The Norway maple (Acer platanoides) is not one of Green-Wood's most prized trees. For one thing, it's an invasive species, and although my beloved weeping willow and Amur cork tree are as well, this spring I could see why the Norway maple is on the list. Before spring mowing started, the lawn within fifty feet of each Norway maple (and beyond) was covered with seedlings. Green-Wood would quickly become a Norway maple forest if the mowing operations were ever halted. With a canopy that creates heavy shade and roots that secrete chemicals preventing the growth of other plants, the Norway maple has the ability to completely dominate a forest. Mowing isn't going to stop, however, and as the cemetery isn't bordering any forests or uncultivated green spaces, it isn't posing a risk to our native flora in that way. This maple species, although it's able to survive in extreme conditions, does pose other problems for a garden environment: it has a structure that tends to break easily. Each time we have a big storm, there's surely a Norway maple down or damaged, and over the years, the ones that remain look gangly. But Norway maples do have their moments. Here, at the end of April, they were still leafing out.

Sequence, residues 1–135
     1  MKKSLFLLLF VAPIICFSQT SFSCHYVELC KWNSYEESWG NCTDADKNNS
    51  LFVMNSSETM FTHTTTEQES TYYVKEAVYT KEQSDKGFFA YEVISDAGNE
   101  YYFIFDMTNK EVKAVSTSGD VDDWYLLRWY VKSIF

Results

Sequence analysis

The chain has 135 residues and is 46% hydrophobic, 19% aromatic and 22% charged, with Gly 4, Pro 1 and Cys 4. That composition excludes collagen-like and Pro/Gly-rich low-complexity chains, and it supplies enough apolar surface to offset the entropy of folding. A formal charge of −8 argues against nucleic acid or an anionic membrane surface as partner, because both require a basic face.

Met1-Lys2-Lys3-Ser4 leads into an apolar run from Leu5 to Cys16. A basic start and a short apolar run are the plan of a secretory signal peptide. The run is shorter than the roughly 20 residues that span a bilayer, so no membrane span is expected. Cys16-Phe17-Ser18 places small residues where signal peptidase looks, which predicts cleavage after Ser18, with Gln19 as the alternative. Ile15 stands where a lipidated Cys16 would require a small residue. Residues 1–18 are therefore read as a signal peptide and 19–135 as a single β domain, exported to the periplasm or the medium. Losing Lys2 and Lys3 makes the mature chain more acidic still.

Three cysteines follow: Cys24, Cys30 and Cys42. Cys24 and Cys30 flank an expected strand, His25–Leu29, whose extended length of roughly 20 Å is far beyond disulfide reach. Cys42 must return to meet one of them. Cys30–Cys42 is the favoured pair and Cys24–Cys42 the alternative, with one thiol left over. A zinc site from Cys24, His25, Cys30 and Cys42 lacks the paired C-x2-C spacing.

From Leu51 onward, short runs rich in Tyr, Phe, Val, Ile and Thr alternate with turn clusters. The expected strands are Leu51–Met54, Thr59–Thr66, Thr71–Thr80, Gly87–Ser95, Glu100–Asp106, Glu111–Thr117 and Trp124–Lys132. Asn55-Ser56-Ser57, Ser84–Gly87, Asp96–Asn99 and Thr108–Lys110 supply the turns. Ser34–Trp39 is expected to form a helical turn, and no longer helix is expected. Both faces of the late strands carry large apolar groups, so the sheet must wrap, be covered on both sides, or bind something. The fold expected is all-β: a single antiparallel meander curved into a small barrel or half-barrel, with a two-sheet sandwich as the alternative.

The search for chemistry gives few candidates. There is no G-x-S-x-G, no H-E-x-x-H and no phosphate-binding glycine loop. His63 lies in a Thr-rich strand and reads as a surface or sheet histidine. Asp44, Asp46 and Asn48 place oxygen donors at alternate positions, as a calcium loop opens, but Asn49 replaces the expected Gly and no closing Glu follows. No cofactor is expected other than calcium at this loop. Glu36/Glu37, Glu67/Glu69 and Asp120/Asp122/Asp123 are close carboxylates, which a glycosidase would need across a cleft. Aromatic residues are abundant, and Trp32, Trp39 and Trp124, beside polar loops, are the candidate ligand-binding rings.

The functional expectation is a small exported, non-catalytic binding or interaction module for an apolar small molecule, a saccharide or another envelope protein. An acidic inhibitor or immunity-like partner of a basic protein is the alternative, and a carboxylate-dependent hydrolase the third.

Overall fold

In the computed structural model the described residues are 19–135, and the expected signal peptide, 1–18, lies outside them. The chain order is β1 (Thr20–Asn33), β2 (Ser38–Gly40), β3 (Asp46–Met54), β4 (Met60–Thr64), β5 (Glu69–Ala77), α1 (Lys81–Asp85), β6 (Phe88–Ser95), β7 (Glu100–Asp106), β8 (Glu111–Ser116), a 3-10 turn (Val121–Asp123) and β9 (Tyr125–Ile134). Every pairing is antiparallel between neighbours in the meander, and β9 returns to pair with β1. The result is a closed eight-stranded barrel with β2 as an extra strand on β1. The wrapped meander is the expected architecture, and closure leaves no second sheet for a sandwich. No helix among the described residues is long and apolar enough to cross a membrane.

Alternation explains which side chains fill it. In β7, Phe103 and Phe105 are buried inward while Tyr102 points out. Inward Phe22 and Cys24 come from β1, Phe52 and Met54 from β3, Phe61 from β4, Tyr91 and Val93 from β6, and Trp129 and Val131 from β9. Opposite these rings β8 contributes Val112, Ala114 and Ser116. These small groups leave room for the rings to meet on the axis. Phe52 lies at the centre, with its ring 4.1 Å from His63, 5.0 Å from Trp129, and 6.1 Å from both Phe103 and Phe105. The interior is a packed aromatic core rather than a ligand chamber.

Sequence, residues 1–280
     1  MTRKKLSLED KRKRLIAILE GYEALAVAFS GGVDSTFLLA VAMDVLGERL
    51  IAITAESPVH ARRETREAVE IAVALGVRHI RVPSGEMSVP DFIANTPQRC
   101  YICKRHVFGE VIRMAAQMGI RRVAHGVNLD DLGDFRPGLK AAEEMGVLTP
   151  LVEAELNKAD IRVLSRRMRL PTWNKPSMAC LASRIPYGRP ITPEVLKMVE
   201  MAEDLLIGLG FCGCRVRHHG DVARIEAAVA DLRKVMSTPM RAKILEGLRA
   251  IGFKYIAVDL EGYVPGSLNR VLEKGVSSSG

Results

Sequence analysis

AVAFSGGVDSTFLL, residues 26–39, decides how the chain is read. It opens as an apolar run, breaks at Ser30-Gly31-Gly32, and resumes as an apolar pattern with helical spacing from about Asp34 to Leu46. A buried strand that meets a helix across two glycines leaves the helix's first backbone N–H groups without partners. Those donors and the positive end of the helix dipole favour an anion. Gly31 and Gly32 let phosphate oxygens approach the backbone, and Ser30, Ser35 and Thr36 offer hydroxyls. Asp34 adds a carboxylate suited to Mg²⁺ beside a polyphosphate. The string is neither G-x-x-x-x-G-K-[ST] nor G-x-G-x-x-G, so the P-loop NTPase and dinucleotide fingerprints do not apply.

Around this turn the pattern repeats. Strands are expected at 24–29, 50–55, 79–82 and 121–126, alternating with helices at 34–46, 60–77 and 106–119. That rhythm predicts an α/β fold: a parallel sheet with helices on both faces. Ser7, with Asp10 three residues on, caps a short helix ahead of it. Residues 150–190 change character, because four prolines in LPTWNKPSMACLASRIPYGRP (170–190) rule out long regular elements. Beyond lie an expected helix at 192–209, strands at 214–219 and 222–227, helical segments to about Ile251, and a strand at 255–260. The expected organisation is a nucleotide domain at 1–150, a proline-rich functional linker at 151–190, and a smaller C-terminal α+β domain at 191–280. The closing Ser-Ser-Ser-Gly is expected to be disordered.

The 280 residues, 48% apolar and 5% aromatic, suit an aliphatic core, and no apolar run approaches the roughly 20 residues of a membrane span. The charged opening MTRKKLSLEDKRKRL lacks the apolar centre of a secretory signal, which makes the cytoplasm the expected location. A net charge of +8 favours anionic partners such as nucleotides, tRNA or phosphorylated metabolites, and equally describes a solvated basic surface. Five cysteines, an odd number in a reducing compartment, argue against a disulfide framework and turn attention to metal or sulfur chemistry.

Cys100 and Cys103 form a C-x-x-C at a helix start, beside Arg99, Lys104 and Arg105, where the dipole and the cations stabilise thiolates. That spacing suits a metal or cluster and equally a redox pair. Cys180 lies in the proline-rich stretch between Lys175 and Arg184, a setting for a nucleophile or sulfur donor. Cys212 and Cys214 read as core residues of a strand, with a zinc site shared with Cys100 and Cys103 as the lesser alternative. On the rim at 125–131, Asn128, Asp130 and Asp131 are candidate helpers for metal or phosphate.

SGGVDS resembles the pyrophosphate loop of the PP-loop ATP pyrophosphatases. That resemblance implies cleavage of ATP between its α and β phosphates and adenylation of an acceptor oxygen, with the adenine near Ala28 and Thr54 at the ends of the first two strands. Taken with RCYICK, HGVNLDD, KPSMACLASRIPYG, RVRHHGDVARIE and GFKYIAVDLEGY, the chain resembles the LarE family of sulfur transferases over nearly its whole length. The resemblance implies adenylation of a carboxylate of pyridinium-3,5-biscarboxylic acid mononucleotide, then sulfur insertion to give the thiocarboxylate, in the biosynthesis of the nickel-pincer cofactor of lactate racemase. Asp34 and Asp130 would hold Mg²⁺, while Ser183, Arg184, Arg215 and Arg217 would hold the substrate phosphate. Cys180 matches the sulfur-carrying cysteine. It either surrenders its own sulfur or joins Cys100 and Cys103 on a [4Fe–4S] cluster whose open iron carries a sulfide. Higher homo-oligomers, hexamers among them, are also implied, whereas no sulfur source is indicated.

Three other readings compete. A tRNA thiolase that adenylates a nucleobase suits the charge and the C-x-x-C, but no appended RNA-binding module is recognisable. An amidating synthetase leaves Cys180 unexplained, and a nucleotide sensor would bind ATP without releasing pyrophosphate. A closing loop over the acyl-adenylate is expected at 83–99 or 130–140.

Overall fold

They are also delightful in flower. Flowering happens before any leaves appear and before most any other species has leafed out, giving the landscape an early touch of color.
These groupings of greenish flowers dot the canopy. Above, flowers in full bloom; below, flowers not yet opened.